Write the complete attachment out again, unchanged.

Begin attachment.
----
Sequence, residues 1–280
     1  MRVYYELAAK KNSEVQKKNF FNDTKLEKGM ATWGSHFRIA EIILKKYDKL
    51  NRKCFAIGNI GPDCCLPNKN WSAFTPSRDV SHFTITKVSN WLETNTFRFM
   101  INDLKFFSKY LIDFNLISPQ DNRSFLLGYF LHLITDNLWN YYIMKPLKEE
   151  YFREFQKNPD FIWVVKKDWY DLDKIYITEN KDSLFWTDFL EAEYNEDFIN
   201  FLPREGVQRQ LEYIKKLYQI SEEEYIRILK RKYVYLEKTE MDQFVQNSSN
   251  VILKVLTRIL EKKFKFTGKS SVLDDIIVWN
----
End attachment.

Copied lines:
Sequence, residues 1–280
     1  MRVYYELAAK KNSEVQKKNF FNDTKLEKGM ATWGSHFRIA EIILKKYDKL
    51  NRKCFAIGNI GPDCCLPNKN WSAFTPSRDV SHFTITKVSN WLETNTFRFM
   101  INDLKFFSKY LIDFNLISPQ DNRSFLLGYF LHLITDNLWN YYIMKPLKEE
   151  YFREFQKNPD FIWVVKKDWY DLDKIYITEN KDSLFWTDFL EAEYNEDFIN
   201  FLPREGVQRQ LEYIKKLYQI SEEEYIRILK RKYVYLEKTE MDQFVQNSSN
   251  VILKVLTRIL EKKFKFTGKS SVLDDIIVWN